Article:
brjeska dóra chemo scarf

A Hungarian woman, Dóra Brjeska, was diagnosed with cancer six years ago – chemotherapy sessions immediately commenced which resulted in hair loss. Because of the struggle of finding a good and reasonably-priced chemo-scarf, she decided to make her own. Today, she is helping several other women.

Szeretlek Magyarország did an interview with Dóra Brjeska, a Hungarian cancer survivor, inquiring about her hat-making project and of her experiences with the disease.

Dóra was diagnosed with metastatic breast cancer in 2013 and was immediately prescribed chemotherapy, as a result of which her hair has fallen out completely. The issue is not as bad during the cold seasons, but spring and summer prove to be challenging.

When she tried to invest in a chemo-scarf, she had to face the harsh reality of there being

only a few options to choose from and those that are more pleasing to the eye cost a fortune,

and since you have to change them (especially in the summer heat), one does not suffice. This was when she decided to make her own cap, using the best quality cotton. You do not even have to tie these scarves around your head; you can secure them by pulling them tight – this makes them extra safe and comfortable. It is very important to use gentle textiles, as the scalp is exposed and more sensitive after such a dramatic hair loss.

What started as a homemade solution for her own problem became a webshop. She has recurring customers as well as people who buy these scarves as a gift for a loved one. Dóra’s initial goal was to create comfortable but affordable scarves – ones that would fit all seasons and personal styles. She likes making special ones: sometimes, she dyes the fabric herself while other times, she decorates them with unique patterns and embellishments.

She even made a surgery cap for her medic because she herself felt very cold in the operating room. These caps are comfortable and soak up sweat at the same time.

It was a mere coincidence that Dóra noticed the lump in her breast: it became inflamed, and the tissue around it was swollen. Chemotherapy commenced a weak after the CT results, and even though it worked, it took a huge toll on her both emotionally and physically. She explains “It is still hard knowing that everything has changed for me. You wake up, look in the mirror, and you just know it is inside of you”.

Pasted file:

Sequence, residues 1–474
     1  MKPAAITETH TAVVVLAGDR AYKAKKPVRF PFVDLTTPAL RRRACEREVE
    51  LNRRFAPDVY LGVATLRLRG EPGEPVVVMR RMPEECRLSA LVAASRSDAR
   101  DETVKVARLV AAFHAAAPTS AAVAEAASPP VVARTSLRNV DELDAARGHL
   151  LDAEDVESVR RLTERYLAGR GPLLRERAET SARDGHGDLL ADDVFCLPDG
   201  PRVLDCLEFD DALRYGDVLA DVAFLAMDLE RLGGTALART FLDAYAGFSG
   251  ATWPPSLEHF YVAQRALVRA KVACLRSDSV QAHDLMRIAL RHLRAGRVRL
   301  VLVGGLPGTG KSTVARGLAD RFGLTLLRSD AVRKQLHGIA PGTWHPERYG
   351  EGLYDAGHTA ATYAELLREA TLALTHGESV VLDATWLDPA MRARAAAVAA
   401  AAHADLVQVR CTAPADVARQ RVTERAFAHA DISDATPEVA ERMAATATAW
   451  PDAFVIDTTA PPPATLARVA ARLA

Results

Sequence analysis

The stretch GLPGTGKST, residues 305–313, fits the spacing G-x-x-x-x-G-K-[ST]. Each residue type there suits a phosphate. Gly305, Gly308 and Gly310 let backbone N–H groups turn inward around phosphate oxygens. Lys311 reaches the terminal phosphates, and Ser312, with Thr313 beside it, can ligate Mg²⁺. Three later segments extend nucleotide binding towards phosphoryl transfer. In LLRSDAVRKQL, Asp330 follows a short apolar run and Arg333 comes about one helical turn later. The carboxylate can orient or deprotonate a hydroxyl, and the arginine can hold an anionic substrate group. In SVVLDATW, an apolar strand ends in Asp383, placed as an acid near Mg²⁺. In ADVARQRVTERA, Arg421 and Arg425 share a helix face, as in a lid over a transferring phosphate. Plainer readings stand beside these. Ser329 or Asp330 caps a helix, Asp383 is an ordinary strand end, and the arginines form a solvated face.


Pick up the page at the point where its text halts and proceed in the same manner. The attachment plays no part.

No matter how hard it was and still is sometimes, Dóra does not allow anyone to feel sorry for her because, in her opinion, you need to work this out with yourself and not let it eat you up emotionally. Luckily, her family and friends quickly picked up her attitude, and the ones who really shocked Dóra with their reactions were those who were battling cancer. Some people told her that she should actually be happy to have both of her breasts, when in reality, Dóra feels that they should be happy since they could be operated on, which means that they have a chance at curing themselves.

It might sound strange, but Dóra was very happy for her hair loss:

she explains that this way she knew the chemotherapy was working, and her organs (liver and lungs) were safer each session. She tries to stay positive, but she knows that ‘you should never be too happy for your good results’.

Dóra told Szeretlek Magyarország that there is much more to a cancer patient than just turning grey, throwing up and dying. She travels and goes on a lot of hikes with her partner; they are focused on experiencing new things together. At the same time, she is aware of her chances, but everyone has to make their peace with death: “let us be honest, it happens to everyone. The worst thing is that you do not even need an illness – a coincidence, at the wrong place at the wrong time, and that is it. We should all talk about death”.

Dóra did not have as many bad experiences with Hungarian healthcare, but there was an instance when a cardiologist told her during an examination that “she should not have waited for so long”. There are, furthermore, differences between the way cancer patients are treated across hospitals: at some places, staff was kind and compassionate towards her, but there were others where she was made to feel uncomfortable, making sure that she knew that “such a patient does not belong there”.

featured image:


Leave a Reply

Your email address will not be published.